November 14, 2013
One of the beautiful things about traveling is being able to witness and explore human values that transcend borders and experience the ways those values are celebrated. Each culture has its fair share of holidays and even though our Thanksgiving is special to us, there are many holidays similar to Thanksgiving around the world.
Here are a few holidays similar to Thanksgiving in other countries:
The Harvest Festival: This UK holiday is the celebration of the harvest and has no exact date but is usually held at the end of September. The celebration has been going on in Britain since before Christianity and was celebrated by giving thanks to the Goddess of Grain for a plentiful harvest by offering up animal sacrifices. In 1843 it was turned into a Christian holiday and nowadays there are thanksgiving services and special holiday meals held during this time in Britain to give thanks. In addition, many people bring food and donations to local churches which are parceled and given away to those in need.
Kinro Kansha no Hi: Japan’s version of Thanksgiving is a day which celebrates labor and appreciation of hard work. It is always held on November 23rd, close to our Thanksgiving. It is also seen as a day to be reflective of the things the Japanese hold dear. Originally, the Emperor would taste the first harvested rice of the season.
A special event held on this day is the Nagano Labor Festival. It is a festival which focuses on human rights and the environment.
Chuseok: Chuseok is a Korean holiday held around the autumn equinox also in celebration of the harvest. A special dish is traditionally made called Songpyeon which are Korean rice cakes and can be made with a variety of things like pumpkins or potatoes. Many Koreans return to their hometowns during Chuseok to visit the tombs of their ancestors and pay their respects.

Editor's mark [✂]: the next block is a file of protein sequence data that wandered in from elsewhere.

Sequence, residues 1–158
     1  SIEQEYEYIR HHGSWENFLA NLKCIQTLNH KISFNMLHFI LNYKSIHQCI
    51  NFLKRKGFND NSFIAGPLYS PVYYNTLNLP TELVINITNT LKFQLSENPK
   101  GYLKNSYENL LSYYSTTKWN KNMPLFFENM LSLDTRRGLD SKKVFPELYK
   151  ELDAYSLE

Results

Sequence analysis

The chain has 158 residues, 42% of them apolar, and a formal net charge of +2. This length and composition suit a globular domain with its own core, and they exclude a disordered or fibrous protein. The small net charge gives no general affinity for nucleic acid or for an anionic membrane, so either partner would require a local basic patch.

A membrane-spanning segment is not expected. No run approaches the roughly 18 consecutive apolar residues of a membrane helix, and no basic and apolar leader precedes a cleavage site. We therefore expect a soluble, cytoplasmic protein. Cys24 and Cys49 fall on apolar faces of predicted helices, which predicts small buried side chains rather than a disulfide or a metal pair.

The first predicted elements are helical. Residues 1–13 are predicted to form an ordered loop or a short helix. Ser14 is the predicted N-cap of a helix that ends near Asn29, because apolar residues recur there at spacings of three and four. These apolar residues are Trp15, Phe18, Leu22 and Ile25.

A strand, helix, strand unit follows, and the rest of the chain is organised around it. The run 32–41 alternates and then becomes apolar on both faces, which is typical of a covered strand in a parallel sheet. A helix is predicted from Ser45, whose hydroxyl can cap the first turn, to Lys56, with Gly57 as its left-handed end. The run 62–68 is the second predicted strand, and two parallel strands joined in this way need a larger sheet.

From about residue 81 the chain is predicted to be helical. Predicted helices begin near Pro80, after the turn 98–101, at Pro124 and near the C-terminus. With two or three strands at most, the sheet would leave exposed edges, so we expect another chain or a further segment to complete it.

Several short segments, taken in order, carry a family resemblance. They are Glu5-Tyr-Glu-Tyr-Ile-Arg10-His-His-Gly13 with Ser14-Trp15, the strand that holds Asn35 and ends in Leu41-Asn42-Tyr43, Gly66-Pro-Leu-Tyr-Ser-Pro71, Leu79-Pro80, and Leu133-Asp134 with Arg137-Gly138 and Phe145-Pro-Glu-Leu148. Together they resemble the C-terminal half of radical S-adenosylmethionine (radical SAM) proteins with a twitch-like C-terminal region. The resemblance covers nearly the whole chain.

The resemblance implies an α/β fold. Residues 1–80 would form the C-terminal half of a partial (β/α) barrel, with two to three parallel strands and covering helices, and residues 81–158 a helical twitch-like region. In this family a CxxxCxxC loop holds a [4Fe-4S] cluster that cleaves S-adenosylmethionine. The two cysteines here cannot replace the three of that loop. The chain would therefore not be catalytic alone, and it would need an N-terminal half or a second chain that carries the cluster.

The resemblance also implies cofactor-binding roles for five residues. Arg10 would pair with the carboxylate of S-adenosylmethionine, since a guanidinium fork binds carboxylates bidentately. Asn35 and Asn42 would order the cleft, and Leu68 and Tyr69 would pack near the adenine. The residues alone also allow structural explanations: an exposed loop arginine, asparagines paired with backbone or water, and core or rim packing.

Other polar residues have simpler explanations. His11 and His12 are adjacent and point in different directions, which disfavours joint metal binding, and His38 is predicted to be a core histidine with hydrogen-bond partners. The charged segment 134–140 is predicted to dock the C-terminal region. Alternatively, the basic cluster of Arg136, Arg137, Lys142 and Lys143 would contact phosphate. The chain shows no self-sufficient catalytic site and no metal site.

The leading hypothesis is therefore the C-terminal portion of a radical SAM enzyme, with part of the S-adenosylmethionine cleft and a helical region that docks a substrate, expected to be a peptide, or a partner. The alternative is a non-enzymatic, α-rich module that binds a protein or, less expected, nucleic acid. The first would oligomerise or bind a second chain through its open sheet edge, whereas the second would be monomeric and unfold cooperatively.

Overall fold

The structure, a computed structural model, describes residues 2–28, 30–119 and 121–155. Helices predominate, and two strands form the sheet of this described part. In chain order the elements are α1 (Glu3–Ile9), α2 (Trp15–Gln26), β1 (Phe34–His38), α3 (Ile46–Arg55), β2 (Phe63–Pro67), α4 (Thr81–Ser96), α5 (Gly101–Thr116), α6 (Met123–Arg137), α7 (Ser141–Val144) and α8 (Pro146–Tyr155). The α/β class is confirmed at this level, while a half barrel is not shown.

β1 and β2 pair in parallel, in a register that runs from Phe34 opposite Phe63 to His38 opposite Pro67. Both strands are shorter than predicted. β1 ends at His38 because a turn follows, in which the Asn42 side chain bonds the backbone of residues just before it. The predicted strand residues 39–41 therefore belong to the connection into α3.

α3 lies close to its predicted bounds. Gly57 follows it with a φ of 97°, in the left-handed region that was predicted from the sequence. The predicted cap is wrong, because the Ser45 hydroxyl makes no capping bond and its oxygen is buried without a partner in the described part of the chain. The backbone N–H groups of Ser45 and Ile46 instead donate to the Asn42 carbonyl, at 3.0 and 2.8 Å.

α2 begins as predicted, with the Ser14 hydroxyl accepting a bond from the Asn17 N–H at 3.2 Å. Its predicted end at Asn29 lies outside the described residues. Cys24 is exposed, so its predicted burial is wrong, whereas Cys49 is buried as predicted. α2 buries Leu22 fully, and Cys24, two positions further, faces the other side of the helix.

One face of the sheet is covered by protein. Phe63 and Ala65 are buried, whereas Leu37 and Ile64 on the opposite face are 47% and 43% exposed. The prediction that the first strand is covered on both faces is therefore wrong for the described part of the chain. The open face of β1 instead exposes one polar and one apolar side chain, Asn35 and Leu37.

The Yam Festival: In Nigeria, a celebration takes place complete with prayers of thanks, wrestling, feasting, music, and dancing. The celebration honors the plentiful harvest of yams and is a time to reflect on the abundant things in life. A community feast full of yam dishes is held to celebrate and a boy is chosen to carry the best yams to the feast and lead the parade of yam-lovers to the special meal.
Thanksgiving in Canada: Similar to our day of thanks, Canadians celebrate Thanksgiving with football, turkey, and parades. It is celebrated in October, usually on a Monday. Many Canadians celebrate over the weekend though and take the time to enjoy this harvest celebration and the last of the good fall weather.
Whether you are eating turkey or rice cakes on your special day, thankfulness is a universal value that reaches beyond the walls of ethnicity.
Photo Credit: Flickr/jbachman01